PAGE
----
Discover the park’s accessibility features and how the community made it happen.
Recently, residents of Wyoming came together to help build a brand-new accessible playground at Crescent Park. This milestone moment came after many months of planning, fundraising, grant applications, and more—all with the goal to transform Crescent Park into a space for all residents, regardless of differences or disabilities, to enjoy. Finally, Crescent Park is home to this area’s first-ever universally accessible playground.
What Makes a Playground Accessible
For a playground to be considered accessible, it must meet certain requirements established through the Americans with Disabilities Act (ADA). It has to include features such as ramps leading into the play area and should not have curbs or other structures that block entry.
However, many parents of children with disabilities say these minimum requirements fall short. “My child uses a wheelchair, and many playgrounds considered accessible are still challenging for my son to navigate,” says Mary Gaffey, a community member who supported the planning and fundraising for the project. “Whether it’s gravel or mulch, there are many small elements of a play space that can make it hard for children to move around and fully enjoy their play experience.”
According to Megan Anderson, another resident who helped spearhead the project, ADA requirements can be considered a “guide of where to begin.” For any playground to be inclusive, Anderson says, “the planning process needs to be very comprehensive, and should always involve the end users, including disabled individuals.”
What Makes Crescent Park Different
Planning for the Crescent Park project included a diverse group of individuals who have disabilities or are close to individuals with disabilities. These perspectives combined to produce a design where both children playing and their adult companions, regardless of their abilities, can easily navigate and enjoy the space.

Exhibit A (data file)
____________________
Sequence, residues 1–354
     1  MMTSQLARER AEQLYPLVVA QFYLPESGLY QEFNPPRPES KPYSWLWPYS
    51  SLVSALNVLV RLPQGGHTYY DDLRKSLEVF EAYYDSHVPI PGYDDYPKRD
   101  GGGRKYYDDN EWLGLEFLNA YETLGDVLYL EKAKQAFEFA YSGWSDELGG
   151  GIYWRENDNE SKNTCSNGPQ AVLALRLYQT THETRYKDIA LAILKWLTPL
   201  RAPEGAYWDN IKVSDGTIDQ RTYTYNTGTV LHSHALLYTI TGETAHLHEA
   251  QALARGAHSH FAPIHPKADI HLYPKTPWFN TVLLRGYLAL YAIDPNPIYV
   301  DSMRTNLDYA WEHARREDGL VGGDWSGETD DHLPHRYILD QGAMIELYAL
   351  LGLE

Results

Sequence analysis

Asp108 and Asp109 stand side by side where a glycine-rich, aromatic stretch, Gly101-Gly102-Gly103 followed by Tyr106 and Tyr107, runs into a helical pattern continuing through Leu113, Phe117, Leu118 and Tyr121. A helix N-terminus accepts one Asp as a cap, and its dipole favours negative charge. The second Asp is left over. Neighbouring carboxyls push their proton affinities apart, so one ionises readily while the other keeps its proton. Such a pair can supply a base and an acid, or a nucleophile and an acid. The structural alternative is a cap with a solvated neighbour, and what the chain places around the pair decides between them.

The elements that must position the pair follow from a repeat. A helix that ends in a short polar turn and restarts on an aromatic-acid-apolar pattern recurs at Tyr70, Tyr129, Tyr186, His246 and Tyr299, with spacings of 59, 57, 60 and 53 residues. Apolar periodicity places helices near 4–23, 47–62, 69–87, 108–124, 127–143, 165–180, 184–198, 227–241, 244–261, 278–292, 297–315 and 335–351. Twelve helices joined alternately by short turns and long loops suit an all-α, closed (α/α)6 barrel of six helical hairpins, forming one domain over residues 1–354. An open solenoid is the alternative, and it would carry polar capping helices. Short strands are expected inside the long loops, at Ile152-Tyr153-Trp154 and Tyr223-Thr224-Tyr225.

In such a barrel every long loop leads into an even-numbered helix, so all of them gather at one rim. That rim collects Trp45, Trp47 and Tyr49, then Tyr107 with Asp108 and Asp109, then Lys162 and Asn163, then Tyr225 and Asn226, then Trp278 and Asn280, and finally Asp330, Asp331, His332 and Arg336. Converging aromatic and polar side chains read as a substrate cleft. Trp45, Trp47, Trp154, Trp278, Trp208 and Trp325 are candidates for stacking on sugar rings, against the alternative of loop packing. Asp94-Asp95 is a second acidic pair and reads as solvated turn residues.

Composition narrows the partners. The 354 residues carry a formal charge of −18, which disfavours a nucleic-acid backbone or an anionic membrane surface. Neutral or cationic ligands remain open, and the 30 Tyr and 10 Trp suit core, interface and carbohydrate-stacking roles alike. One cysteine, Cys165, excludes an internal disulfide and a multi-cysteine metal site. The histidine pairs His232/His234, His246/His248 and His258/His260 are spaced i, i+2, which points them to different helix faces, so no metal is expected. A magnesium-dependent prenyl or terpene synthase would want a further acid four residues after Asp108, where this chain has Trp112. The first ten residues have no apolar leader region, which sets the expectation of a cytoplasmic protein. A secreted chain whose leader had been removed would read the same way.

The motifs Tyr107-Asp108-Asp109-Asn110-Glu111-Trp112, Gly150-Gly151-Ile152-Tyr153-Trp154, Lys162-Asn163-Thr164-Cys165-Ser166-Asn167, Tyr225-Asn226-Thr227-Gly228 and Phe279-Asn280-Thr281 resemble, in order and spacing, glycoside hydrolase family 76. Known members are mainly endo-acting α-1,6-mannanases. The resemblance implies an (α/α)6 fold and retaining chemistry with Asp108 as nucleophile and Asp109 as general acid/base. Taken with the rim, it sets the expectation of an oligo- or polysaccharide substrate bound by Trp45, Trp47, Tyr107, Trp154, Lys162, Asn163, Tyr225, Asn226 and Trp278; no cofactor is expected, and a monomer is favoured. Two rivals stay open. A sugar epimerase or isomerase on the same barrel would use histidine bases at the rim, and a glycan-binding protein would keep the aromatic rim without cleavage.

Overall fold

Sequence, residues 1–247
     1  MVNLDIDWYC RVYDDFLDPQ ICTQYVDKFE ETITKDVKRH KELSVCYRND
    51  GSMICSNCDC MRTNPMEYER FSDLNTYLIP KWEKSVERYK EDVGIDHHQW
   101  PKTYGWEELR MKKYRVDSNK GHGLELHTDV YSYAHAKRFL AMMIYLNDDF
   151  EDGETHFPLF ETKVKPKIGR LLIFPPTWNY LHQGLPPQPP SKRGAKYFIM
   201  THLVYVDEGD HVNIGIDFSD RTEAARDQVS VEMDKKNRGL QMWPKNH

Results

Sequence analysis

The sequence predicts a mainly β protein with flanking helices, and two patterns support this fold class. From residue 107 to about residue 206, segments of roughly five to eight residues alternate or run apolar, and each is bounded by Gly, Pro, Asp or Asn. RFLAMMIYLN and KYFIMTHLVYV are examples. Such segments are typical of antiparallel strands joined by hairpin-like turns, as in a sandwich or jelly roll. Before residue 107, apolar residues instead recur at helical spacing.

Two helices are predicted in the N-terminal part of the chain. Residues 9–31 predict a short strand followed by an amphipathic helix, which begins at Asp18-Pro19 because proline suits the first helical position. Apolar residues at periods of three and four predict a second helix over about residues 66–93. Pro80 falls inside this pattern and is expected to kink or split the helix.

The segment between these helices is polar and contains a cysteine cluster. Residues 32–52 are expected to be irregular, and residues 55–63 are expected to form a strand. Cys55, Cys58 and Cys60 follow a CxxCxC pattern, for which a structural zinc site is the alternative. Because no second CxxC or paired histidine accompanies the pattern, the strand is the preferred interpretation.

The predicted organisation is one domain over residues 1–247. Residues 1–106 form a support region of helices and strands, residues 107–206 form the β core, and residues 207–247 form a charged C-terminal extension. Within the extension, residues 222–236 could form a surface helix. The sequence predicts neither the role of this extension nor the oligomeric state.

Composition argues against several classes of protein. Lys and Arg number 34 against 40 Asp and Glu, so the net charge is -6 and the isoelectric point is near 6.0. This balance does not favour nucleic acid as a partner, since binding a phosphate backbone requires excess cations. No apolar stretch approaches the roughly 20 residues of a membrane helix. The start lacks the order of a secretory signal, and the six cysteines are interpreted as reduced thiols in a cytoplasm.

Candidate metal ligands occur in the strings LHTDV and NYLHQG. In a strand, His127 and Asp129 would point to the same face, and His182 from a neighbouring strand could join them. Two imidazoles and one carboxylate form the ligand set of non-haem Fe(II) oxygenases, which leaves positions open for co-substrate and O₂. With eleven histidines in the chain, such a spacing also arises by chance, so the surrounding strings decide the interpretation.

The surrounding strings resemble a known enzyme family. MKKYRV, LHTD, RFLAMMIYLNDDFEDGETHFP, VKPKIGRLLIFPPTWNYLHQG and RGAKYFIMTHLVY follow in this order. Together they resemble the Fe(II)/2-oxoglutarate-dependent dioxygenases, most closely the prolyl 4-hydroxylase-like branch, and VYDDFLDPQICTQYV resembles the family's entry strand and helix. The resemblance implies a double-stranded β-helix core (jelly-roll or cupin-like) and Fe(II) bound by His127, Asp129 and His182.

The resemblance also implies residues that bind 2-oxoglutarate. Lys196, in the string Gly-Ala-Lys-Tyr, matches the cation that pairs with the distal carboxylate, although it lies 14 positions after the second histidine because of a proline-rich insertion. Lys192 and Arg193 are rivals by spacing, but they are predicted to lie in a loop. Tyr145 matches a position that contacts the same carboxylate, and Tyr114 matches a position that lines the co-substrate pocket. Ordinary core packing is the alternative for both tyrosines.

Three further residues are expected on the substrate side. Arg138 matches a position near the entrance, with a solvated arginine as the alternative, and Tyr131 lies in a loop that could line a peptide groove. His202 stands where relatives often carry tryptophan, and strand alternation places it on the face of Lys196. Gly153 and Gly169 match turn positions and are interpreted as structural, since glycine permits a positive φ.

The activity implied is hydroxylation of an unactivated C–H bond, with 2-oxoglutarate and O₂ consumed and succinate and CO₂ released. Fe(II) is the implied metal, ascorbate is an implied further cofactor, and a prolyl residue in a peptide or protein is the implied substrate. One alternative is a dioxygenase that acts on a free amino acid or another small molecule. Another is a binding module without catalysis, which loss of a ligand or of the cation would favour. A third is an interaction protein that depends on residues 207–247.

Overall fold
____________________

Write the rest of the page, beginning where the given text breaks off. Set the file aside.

Crescent Park features several intentional elements, such as specialized, wheelchair-friendly turf, ground-level attractions, and adaptive swings which are accessible to children with differences in sensory integration and mobility.
Crescent Park has become one of only a handful of accessible parks in the Cincinnati area, including only two across Great Parks of Hamilton County. This inclusivity-focused project is an impressive reflection on the community of Wyoming.
“I love our community, especially the children in it and their experience,” Gaffey says. “This project is such a beautiful outward expression of the passion in our community to be inclusive of everyone.”
Anderson adds, “It gives me goosebumps thinking about how everyone came together—whether to provide funding, contribute to the design, pour concrete, or offer water—all in an effort to bring their love and support to this important project, which will serve not only our community, but our surrounding neighbors as well.”